All versions of the test evaluate for a change of level only on completion of shuttles. The Léger test's algorithm requires that each level lasts approximately 60 seconds. This means the next level commences when the absolute difference between the time spent at the level and 60 seconds is least. Put simply, some levels may run for a trifle less than 60 seconds, others a little more than 60 seconds and the odd one exactly 60 seconds. On the other hand, a few non-Léger versions of the test trigger a level change only when the time spent at a level first exceeds 60 seconds. This variation results in one extra shuttle being run at some levels.

In practice, since the speed change at a new level (rather than an extra lap) is most likely to trigger "failure", this variation also has an insignificant change on one's achievable score.

### Scoring Starts from Zero

Scoring of the Léger test starts from 1. That is, at the end of the very first shuttle, the participant has scored 1.1. A variation has scoring starting from 0; at the end of the first shuttle, the runner has achieved 0.1. The impact of this variation is purely administrative: just add or subtract 1 to convert scores.

## Standards

The table below indicates some of the standards applied by various organizations.

Organization Type of organization Country Minimum level attained Comments
Airservices Australia[14] Aviation rescue and fire fighting Australia 9.6
Australian Army Military Australia 7.5 Preliminary Fitness Test Standard required prior to enlistment.[3]
Australian Federal Police Police Australia 6.5 Source: [4]
Australian Special Forces Military Australia 10.1 Preliminary Fitness Test Standard required prior to direct recruitment scheme.[5]
Metropolitan Fire Brigade (Melbourne) Fire/emergency response Australia 9.6 Source: [6]
Metropolitan Fire Service South Australia Fire/emergency response Australia 9.6 Stage 3: Physical Aptitude Test 1 (PAT 1) - Shuttle Run[15]
New South Wales Police Force Police Australia 7.1 7.1 initial entry, various specialist units have higher requirements. Source: [7]
Queensland Fire and Rescue Service Fire/emergency response Australia 9.6 Source: [8]
Queensland Police Service Police Australia 6.3 to 9.4 (male), 5.1 to 7.5 (female) Source: [9]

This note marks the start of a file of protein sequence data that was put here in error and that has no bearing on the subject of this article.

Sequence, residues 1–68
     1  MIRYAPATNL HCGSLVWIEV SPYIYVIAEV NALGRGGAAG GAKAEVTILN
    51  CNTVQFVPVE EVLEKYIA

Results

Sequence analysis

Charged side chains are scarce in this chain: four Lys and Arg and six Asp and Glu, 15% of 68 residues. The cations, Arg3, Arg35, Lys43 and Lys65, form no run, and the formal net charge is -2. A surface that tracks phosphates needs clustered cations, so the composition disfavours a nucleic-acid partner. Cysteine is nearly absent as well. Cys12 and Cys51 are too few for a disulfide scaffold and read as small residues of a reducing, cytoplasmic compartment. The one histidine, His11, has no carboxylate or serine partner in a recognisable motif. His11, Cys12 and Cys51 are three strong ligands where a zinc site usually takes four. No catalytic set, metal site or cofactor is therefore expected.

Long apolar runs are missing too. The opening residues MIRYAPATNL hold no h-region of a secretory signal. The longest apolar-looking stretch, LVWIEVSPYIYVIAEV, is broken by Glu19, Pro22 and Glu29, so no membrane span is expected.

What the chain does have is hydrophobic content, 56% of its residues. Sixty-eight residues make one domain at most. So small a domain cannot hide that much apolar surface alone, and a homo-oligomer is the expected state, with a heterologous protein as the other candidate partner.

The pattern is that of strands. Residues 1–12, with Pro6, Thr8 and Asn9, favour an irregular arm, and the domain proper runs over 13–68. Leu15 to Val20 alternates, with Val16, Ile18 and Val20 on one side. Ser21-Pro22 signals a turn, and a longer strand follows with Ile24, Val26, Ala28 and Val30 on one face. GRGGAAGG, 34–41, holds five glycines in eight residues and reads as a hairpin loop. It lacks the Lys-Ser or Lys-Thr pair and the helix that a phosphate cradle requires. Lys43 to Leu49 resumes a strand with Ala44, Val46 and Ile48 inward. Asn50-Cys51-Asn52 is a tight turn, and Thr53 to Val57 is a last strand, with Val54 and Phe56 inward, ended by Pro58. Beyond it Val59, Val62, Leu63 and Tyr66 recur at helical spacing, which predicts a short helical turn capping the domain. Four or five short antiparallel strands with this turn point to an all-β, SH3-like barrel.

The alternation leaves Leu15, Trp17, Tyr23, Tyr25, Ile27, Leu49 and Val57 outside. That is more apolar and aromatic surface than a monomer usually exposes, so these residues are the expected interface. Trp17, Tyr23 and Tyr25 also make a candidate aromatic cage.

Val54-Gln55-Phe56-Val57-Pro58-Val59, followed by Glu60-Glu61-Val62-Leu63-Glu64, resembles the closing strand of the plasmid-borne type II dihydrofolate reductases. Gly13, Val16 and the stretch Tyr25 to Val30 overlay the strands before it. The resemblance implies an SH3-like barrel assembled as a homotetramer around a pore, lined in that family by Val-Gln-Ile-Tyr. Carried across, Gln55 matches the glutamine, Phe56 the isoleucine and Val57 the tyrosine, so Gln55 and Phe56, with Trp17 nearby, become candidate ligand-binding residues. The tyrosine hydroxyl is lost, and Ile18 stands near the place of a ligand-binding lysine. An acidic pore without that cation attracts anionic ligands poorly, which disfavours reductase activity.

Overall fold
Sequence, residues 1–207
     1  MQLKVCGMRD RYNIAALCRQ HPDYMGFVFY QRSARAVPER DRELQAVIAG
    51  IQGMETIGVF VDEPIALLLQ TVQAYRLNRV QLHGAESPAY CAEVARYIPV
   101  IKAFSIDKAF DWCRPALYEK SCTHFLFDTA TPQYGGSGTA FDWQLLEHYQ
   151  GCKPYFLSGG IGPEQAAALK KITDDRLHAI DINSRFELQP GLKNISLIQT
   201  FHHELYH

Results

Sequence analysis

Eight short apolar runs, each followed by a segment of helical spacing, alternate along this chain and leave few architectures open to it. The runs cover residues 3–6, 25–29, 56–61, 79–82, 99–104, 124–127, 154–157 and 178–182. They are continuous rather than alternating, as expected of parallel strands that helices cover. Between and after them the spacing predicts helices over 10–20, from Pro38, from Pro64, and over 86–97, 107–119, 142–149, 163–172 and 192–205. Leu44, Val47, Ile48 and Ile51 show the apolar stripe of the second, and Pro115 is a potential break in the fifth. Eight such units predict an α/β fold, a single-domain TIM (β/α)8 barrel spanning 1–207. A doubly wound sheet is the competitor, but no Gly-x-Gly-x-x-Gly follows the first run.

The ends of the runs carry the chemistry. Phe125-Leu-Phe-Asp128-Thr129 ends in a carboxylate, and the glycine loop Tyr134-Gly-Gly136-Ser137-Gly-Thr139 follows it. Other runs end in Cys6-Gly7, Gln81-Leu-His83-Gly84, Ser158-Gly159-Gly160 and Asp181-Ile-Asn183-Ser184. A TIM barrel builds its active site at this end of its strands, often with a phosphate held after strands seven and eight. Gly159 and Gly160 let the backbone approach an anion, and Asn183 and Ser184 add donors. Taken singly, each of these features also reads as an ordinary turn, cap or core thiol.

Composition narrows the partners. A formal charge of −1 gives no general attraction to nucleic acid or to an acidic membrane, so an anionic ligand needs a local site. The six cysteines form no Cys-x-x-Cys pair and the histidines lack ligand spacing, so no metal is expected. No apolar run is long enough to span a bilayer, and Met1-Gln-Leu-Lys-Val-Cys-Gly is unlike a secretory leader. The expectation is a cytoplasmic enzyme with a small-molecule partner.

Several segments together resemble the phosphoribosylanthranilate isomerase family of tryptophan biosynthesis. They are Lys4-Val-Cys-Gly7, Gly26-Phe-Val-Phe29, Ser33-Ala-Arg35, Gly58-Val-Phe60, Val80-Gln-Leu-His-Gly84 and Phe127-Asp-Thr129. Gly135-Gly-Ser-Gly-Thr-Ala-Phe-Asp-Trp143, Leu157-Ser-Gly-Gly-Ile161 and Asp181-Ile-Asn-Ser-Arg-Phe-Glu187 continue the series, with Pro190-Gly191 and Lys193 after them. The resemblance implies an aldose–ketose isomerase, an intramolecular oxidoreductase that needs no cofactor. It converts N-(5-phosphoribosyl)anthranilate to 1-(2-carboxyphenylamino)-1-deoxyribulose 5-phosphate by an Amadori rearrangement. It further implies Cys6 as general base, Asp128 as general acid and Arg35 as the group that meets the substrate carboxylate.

Royal Australian Air Force Military Australia 6.5 Source: [10]
Royal Australian Navy Military Australia 6.1 Source: [11]
South Australia Police Police Australia 9.04 (male), 6.10 (female) Age 18-29. Varies by age [12]
Western Australia Fire & Rescue Service Fire Australia 9.6 + Source: [13]
Western Australia Police Police Australia 8.1 to 10.1+ (male), 6.1 to 7.1 (female) Source: [14]
Western Australian Rugby Union Referees[citation needed] Sport Australia 10.5 (Premier Grade), 9.5 (Reserve Grade)
Victoria Police[16] Police Australia 5.1 All ages (updated 23/7/2012 to new standards)
China (Ministry of Education and Culture) School China Grade depends on number of laps and age, minimum for a pass is a 5.9 Final grade from the test determines whether or not the student requires extra

and more intense physical education lessons.

Calgary Police Service Police Canada 7.0 Source: [15]
Canadian Forces Military Canada 6.0 (male), 4.0 (female) (under 35) Replaced in 2013 by FORCE Evaluation[17]
Canadian Special Operations Regiment Military Canada 9-10 for passing score, 11-12 for average score, 13+ for highest score Source: [16] Found on page 22
Edmonton Police Service Police Canada 7.0 Source: [17]
Ontario Provincial Police Police Canada 7.0 Source: [18]
Royal Canadian Air Cadets[citation needed]| Paramilitary Youth Program Paramilitary Youth Program Canada Depends on age Part of the new 'Fitness and Incentive' program. Used to track improvements in fitness level. Fitness badges may be earned.